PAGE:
Rocks and their smaller relatives, pebbles, have a most extraordinary way of dropping into my life. This has led some to murmur about rocks in the head. For instance, there was the time we toured southern England, and I became entranced by thatched roofs and ancient flint houses. I found a beach groaning under layers of twisted, whitish stones which, when split, revealed a core of satiny gray. They looked so much like sugar-coated plums that I lightened the beach considerably and flew home with a load of flint. Fortunately, customs officials are hardened to bizarre items in luggage, but I did get a few pitying glances.
I haven't found a use for these stones. They just sit in bowls on the coffee table, looking strangely delicious.
Then there was the pebble garden. Where our dogs had wintered in the backyard, the spring grass refused to grow, and we considered paving the area. A nearby lake presented a fascinating selection of tumbled-smooth stones and the solution to our problem. After the decision was made, every family outing to the beach meant collecting buckets of egg-size snowy-white pebbles for the paving job.
Until spending doubled-over time gathering pebbles on a public beach, I had no idea how embarrassing it is for seeming-adults to pursue such a childlike occupation. We were regarded and avoided as eccentrics by all the other beach visitors. However, the result was a landscaping effect that drew enthusiastic praise from everyone, including my reluctant pebble pickers.
On a recent rock-scrambling outing by the ocean, I met an amateur geologist, although I misunderstood his interest at the time. While I was imitating a basking seal on a rocky peninsula, I noticed his admiring attention to the surrounding scene. Feeling sun-warmed and at peace with the world, I smiled and said, "Nice, isn't it?"
He turned to me and said breathlessly, "How do you know?"
"Well, don't you think it's nice?"
And that artless question triggered the most confusing conversation I can remember. Since then, I have looked up the meanings of a few sinister-sounding words and am cautious about using "nice" to describe anything.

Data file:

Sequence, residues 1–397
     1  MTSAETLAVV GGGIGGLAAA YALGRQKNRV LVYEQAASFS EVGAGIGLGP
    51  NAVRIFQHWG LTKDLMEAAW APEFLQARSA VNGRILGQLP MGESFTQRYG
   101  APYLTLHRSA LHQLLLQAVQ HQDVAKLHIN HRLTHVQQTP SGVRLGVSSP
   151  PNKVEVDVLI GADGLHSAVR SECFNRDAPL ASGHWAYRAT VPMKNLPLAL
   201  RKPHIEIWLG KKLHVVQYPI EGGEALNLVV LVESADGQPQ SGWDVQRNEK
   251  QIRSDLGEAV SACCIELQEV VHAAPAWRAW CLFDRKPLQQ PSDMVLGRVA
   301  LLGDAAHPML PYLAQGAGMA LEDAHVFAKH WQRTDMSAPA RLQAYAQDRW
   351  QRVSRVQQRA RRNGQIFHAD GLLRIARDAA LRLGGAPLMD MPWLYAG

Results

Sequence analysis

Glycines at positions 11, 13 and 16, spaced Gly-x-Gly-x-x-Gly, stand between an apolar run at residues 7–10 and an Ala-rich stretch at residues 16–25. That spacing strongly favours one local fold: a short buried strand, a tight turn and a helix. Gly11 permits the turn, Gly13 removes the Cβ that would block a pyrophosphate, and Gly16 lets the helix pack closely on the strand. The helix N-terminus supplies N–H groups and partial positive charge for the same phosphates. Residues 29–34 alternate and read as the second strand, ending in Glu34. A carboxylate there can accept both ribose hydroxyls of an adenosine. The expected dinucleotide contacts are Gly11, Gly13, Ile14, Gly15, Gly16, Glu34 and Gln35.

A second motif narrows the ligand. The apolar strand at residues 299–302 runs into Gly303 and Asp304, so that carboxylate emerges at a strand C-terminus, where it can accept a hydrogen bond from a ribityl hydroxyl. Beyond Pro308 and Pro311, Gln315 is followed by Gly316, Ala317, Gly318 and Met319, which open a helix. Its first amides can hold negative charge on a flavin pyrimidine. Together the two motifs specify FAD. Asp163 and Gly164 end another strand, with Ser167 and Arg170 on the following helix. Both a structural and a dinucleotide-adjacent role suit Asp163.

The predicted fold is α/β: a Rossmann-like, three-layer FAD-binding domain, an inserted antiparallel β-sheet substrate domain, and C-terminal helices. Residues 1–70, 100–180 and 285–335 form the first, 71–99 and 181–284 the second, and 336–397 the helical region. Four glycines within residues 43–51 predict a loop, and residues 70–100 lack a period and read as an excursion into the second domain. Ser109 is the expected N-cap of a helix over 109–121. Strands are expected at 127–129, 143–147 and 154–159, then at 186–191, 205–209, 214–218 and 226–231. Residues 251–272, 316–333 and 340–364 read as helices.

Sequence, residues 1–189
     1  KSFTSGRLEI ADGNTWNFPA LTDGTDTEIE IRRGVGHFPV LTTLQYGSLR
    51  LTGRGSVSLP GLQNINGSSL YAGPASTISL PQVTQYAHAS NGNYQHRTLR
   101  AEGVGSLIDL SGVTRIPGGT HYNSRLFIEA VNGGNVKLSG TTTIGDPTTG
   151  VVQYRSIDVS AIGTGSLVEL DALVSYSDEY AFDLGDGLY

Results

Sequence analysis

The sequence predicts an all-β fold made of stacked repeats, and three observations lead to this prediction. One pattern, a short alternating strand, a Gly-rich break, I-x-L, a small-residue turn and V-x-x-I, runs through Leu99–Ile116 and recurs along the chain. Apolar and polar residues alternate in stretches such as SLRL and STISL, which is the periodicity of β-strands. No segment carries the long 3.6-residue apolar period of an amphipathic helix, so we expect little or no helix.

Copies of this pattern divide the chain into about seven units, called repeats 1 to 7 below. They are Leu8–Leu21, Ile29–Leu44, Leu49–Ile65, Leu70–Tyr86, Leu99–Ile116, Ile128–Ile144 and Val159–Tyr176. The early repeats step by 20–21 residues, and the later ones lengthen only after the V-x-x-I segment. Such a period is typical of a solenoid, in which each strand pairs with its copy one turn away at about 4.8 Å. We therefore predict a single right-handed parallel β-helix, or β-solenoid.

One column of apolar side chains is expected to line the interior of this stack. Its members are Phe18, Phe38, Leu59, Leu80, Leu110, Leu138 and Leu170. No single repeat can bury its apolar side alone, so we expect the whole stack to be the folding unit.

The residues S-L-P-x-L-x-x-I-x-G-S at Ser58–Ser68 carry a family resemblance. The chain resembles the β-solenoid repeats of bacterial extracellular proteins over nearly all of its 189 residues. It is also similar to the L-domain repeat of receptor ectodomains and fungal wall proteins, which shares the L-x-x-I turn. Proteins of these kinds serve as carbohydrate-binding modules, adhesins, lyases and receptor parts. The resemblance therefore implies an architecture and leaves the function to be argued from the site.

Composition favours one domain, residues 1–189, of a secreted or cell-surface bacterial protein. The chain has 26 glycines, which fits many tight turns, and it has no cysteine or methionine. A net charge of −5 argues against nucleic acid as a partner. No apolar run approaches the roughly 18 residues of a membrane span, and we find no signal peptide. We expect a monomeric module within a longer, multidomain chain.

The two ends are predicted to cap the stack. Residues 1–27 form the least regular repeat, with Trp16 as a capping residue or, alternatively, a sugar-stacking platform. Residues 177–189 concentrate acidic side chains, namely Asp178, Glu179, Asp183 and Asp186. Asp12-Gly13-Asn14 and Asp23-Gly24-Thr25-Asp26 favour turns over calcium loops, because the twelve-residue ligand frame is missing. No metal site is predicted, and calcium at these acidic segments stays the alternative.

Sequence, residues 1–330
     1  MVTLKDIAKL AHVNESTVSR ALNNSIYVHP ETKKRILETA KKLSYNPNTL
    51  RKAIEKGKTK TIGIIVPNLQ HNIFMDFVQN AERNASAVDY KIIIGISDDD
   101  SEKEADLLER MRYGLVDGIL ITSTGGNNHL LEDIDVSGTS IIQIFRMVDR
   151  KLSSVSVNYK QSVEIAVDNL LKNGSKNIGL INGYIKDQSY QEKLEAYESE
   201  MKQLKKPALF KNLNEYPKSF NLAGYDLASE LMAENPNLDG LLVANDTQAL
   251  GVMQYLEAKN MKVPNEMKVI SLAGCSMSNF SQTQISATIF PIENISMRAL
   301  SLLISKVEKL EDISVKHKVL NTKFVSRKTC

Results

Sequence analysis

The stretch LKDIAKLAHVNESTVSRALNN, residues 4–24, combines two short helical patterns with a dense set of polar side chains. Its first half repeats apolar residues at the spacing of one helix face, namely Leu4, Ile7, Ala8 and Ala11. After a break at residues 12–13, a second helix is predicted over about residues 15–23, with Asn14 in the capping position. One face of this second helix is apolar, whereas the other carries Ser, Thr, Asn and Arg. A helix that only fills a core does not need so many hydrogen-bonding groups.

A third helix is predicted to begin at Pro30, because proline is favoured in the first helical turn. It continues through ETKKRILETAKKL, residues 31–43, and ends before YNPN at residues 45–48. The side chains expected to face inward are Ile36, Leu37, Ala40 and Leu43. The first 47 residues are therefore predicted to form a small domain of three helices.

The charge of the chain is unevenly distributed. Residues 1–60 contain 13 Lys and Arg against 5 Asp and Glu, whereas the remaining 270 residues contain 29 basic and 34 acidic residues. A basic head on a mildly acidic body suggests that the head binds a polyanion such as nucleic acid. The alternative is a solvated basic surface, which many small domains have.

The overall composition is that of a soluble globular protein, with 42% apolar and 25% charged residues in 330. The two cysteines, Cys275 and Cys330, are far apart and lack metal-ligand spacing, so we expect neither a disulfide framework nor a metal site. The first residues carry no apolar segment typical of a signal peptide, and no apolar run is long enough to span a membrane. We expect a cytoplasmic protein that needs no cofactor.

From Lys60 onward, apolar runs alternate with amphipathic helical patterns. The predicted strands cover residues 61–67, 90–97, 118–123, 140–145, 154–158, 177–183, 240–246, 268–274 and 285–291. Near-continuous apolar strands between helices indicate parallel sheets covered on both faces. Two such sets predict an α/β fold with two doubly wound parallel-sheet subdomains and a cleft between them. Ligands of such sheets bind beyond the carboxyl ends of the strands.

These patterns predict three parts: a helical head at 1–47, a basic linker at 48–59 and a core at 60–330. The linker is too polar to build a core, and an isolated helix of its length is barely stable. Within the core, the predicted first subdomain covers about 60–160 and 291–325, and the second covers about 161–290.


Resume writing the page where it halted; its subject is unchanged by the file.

He thumped a heavy canvas bag down beside me and beamed. "Oh, yes, it certainly is gneiss. And that's pegmatite," he added, pointing over my shoulder.
Looking back, I saw only some people from the hotel, and I didn't think any of them was called Peg, but I mumbled a polite "For sure."
"Oh? Have I missed something on the foreshore?" he asked. "Never mind, that can wait. We're in the littoral zone now." Things were warming up. I wondered how literally he would take any further rejoinder I might make.
He was sitting beside me now, opening his bag. With excitement mounting in his voice, he said, "I have a concoidal fracture." I started up, emitting a croak of sympathy.
"Quartz? Did you say quartz?" He produced a chip of rock from his bag and held it out for my inspection." Now," he said, leaning closer and smiling more broadly, "care to join me looking up some boudinage?"
Trying to hide my ignorance and confusion, I answered in a lofty manner.
"I don't gamble." It was a wild guess.
"Fold, then?" Maybe it really was gambling. I shook my head.
He looked disappointed as he stared hard at the rock facing us.
"I consider this an intrusion," he said finally.
"Intrusion, indeed!" I spluttered. "That's silly, considering I was here first!"
He shrugged. "Silly or intrusion -- whichever word you want to use -- it's nothing to get huffy about."
He left then, shouldering his bag as he hurried after a group of rock scramblers. Too bad. He had seemed such a happy eccentric.
Which goes to show you. After I had puzzled it all out, I realized that not all people with rocks in their heads are necessarily on the same stratum.